The following morning Dick and 1 did not work. When we met at the huge cement swimming pool round which the town was built, his nice-guy grin was back in place and nothing was said then or ever about the incident of the night before. To confirm his self approval, he gave a diving exhibition from the springboard while Jack Chapin and I sat on a bench and watched. Jack was the seventeen-year-old brother of Billy's wife, Marjery, who was also our script girl. Like her, Jack was a tall, pretty redhead. Engaged as a hobo extra on the film, he had attached himself to me as a sort of page and decided not to work when I did not work. The hobos openly condemned him for taking advantage of his relationship to Wellman, as did my double, Harvey, who joined us at the pool while Dick was performing. Estimating Dick's skill in a glance, Harvey climbed to the top of the thirty-foot tower and began a series of dives which retired Dick to our bench and left me enchanted. His vulgar little face and mind formed no part of this Harvey who executed aerial turns and twists comparable in grace to that of some capricious bird in flight. When he was satisfied with his triumph over Dick, he joined us for a Coca-Cola. "How come you are not out on location with the rest of the hobos?" he asked Jack. Jack said he was not a hobo, and besides he had hurt his back. "Yeh?" Harvey sneered, punching him between the shoulders, "It looks okay to me".

That night we worked in the hobo "jungle", a deep pit in Carrizo Gorge. In its centre a rock fireplace had been built, before which we gathered when we were not needed for a scene. The hobo Tiny, who weighed four hundred pounds, occupied a rock seat which had been built for him beside the fireplace. Because he moved with great difficulty, Billy had thought fully appointed him keeper of the fire and brewer of the coffee kept steaming in an enormous granite-ware pot on a grille placed over the fire. As a sideline, Tiny collected and disseminated all the company gossip. Jack and I were listening to his report of how the hobos had become enraged by the rise in the price of liquor at the pool hall and badly beaten Carlos with his own pool cues, when someone yelled, "Jack -Jack!" from the top of the pit where Billy was shooting a scene with Wally Beery. Thinking that Billy wanted him, Jack scrambled up the steep incline and disappeared in the glare of the arc lamps just as Robert Perry joined us before the fire. Ordinarily unmoved by anything (including his fine performance as the Arkansas Snake), he was childishly happy now as he produced a quart of Scotch whisky, from his coat pocket. "I sneaked this across the border from Mexicali", he said. "That thief Carlos closing the pool hall can't keep me from drinking". Then with a sly smile, he added, "I saw a beautiful picture of you there too". "Oh, where?" I asked. "In one of the cribs over this Mexican girl's bed. She's a big fan of yours".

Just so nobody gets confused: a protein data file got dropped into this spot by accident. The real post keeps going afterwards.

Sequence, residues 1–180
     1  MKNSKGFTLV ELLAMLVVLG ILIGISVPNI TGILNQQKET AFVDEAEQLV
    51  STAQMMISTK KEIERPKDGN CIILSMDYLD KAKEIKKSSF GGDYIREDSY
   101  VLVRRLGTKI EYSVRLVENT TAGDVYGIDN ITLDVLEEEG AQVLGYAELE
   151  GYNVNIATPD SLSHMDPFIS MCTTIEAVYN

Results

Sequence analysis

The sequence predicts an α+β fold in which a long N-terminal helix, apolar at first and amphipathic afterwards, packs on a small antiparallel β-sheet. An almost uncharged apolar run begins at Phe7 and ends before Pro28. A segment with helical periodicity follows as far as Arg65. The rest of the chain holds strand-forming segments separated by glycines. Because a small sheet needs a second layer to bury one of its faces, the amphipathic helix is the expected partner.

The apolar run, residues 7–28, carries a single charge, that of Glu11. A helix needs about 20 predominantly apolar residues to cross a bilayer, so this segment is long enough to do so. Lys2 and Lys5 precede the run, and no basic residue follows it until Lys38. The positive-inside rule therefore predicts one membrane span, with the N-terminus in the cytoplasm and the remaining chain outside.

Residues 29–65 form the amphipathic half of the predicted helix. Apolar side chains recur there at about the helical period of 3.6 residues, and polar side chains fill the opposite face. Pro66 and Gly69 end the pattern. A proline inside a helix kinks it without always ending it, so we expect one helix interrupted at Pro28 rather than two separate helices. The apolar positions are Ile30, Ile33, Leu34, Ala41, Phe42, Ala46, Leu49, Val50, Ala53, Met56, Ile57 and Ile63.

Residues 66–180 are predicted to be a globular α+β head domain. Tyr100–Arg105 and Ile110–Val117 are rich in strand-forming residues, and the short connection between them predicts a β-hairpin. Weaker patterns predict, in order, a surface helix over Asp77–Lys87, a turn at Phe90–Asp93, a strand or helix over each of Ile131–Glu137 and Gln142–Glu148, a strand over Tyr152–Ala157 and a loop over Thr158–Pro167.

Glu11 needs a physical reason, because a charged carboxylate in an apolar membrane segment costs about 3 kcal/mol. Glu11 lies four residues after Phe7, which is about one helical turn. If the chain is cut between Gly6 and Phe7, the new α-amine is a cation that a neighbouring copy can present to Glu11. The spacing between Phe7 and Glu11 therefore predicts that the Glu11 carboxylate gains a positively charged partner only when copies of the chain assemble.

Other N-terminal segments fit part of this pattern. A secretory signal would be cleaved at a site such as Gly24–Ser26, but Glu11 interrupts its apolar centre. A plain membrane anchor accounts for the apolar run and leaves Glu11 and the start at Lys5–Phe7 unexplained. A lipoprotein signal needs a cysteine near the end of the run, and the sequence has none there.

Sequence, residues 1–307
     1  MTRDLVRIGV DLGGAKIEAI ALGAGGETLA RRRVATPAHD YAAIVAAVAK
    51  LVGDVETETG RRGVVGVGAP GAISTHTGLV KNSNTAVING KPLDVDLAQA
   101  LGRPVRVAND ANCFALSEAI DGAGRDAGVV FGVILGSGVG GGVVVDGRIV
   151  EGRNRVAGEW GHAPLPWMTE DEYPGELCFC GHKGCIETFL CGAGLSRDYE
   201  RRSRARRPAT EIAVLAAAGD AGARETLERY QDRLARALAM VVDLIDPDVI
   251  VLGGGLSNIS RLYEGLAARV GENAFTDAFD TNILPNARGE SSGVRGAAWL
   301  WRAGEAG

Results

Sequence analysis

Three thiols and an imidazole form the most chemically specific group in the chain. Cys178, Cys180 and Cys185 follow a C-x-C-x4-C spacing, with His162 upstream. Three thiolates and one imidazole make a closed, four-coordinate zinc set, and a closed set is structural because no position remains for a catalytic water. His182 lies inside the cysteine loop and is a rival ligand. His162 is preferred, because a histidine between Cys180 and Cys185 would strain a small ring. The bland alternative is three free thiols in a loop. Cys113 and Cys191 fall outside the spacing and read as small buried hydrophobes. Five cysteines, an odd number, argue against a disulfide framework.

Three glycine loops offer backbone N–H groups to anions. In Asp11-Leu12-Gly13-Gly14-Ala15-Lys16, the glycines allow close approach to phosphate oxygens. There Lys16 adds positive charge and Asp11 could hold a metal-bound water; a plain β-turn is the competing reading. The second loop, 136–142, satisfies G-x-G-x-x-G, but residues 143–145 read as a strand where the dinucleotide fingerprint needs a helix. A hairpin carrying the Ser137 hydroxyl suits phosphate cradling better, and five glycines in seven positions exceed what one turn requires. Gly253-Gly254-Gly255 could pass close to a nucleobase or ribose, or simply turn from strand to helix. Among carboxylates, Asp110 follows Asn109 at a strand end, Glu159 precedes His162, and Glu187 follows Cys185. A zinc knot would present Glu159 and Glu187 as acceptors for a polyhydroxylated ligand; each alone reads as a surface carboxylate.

The sound of crashing scrub oak and falling rocks turned our attention to the steep incline. We saw Jack stumble to his feet on the canyon floor while voices jeered from the top, "How's your back now, Jackie-boy!"

A few minutes later Billy and Wally came down to the fire for coffee. Billy was amused by Jack who was near tears, mumbling, "They tripped me, the dirty rats, they tripped me". Wally was disgusted with the trick. He loathed the gags that added needless hazards to filming on location. Besides, the distraction of the noisy trick had ruined his last scene. Away from work a honey bear, Beery was the meanest bear alive on the set; and when he growled that he hated working at night, that it was cold and the box lunches were rotten, Billy immediately called the night's work finished. Much wiser than directors who tried to dominate Wally, Billy let him play his scenes as he liked and, as often as possible, let him work when he liked.

To shoot the most dangerous and difficult stunt in the picture, Billy waited until the engineer and 102 had become professional in their response to direction. In this scene the brakeman, discovering Dick and me hiding in a gondola, forces us to climb outside on the iron ladder and jump from the speeding freight train. Dick's double had a comparatively easy fall because he jumped of his own accord to a spot a short distance below the track. My double, Harvey, was asked by Billy to make a thrilling plunge deep into the canyon, made more dangerous since Harvey must appear to fall after the brakeman has brought down his club on his hands clinging to the ladder. A hundred foot dive into water was a routine stunt for Harvey. A twenty-five foot dive into a rocky canyon was another matter. He agreed to do it on condition that he do the stunt just once. No rehearsals. No retakes. Just once.